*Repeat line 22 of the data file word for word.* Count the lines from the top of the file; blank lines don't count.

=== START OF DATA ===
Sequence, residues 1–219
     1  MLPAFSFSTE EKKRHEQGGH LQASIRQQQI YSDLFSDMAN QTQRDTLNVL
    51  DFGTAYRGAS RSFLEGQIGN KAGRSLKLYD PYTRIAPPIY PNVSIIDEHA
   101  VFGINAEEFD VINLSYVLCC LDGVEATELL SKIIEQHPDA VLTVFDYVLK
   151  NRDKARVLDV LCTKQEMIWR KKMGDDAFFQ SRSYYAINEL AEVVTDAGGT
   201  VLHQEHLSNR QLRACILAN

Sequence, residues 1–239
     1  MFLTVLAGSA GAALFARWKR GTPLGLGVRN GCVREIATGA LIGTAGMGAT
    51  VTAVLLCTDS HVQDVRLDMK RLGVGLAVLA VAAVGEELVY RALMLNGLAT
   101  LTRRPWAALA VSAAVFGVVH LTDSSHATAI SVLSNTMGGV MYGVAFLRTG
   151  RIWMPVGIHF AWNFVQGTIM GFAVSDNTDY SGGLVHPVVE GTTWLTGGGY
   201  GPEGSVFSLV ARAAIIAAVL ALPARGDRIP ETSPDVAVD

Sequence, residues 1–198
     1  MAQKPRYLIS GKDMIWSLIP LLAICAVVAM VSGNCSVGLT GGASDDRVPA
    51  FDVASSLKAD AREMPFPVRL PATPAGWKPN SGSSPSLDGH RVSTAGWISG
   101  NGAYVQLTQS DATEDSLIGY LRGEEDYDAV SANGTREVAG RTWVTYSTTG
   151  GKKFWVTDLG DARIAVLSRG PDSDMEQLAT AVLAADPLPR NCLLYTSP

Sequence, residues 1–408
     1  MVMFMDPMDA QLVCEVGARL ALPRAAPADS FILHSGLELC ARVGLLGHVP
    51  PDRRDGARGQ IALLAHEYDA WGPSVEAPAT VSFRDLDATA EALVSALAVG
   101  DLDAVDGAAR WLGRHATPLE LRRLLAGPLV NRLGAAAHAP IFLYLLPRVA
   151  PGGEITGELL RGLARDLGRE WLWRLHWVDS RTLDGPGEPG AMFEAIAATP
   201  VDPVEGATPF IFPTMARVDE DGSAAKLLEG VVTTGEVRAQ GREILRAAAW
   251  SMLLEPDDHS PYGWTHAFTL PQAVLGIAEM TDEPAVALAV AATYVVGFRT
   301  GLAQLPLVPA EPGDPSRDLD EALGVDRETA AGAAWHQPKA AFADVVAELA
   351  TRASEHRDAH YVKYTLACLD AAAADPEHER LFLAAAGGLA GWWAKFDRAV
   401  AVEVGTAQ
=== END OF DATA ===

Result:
   151  PGGEITGELL RGLARDLGRE WLWRLHWVDS RTLDGPGEPG AMFEAIAATP